• Sugar Glider, RSPCA Wildlife Hospital


RSPCA Queensland has the largest and busiest Wildlife Hospital in the state, providing care to over 26,000 native animals every year. There are many factors that impact our native animals: natural disasters such as bushfire and droughts, dog attacks, road accidents and habitat loss.

Every year our RSPCA Animal Ambulances attend nearly 30,000 rescue call outs for sick, injured or orphaned wildlife.

We have an incredible support network of wildlife carers across the state, wildlife rescuers and veterinary clinics who assist with wildlife cases reported to our 24/7 Animal Emergency Hotline - 1300 ANIMAL (1300 264 625). 

Our RSPCA Wildlife Hospital at Wacol and Rehabilitation Centre at Eumundi treat many types of wildlife: native birds, possums, echidnas, koalas, kangaroos, snakes, lizards, and more!

Once an animal is admitted into our Wildlife Hospital they will be examined by our team of experienced wildlife veterinarians and veterinary nurses. Our veterinary team will conduct a physical examination and diagnostic tests as indicated. This might include evaluation of blood and other biological samples; taking and interpreting x-rays; and performing and interpreting an ultrasound examination.

The treatment of wildlife in Queensland is regulated by numerous acts, regulations and guidelines including the following:

  • Nature Conservation Act 1992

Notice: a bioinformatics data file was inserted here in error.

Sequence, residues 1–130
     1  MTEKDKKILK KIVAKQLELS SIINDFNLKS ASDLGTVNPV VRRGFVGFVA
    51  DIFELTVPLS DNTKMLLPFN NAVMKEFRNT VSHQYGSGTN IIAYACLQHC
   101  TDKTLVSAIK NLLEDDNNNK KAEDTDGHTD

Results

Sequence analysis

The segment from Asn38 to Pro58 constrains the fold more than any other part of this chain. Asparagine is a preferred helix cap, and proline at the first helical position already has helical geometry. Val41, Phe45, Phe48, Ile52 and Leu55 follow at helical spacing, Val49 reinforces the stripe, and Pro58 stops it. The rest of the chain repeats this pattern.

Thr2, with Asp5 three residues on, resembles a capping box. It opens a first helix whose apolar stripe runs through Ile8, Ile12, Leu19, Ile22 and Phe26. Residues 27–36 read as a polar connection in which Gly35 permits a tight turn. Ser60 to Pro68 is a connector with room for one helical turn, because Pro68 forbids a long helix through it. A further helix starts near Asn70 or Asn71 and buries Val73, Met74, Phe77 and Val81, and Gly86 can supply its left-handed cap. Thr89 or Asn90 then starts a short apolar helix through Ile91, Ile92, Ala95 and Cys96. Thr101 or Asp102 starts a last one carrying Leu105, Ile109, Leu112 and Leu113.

• Nature Conservation (Wildlife Management) Regulation 2006
  • Code of Practice for Care of Sick, or Orphaned Protected Animals in Queensland 2013
  • Animal Care and Protection Act 2001
  • Veterinary Surgeons Act 1936; Veterinary Surgeons Regulation 2016

At RSPCA Queensland, we treat wildlife patients in line with these regulations and ensure that the best welfare outcome for the animal is achieved. This means that wildlife patients with terminal injuries, incurable diseases or injuries that preclude their successful release back to the wild, or those that are feral species, are sadly euthanised.

Orphaned, injured and sick wildlife that have a good prognosis for successful treatment and return to the wild, will be stabilised, remain in care, or will be transferred to a wildlife rehabilitator or other registered facility for rehabilitation and eventual return to the wild. You can read our RSPCA Wildlife Animal Care Flow Chart here.

If you come across a sick or injured animal, contact our 24/7 Animal Emergency Hotline, 1300 ANIMAL (1300 264 625).

You can help ensure our Australian wildlife get the care they need by becoming an RSPCA Wildlife Hero today!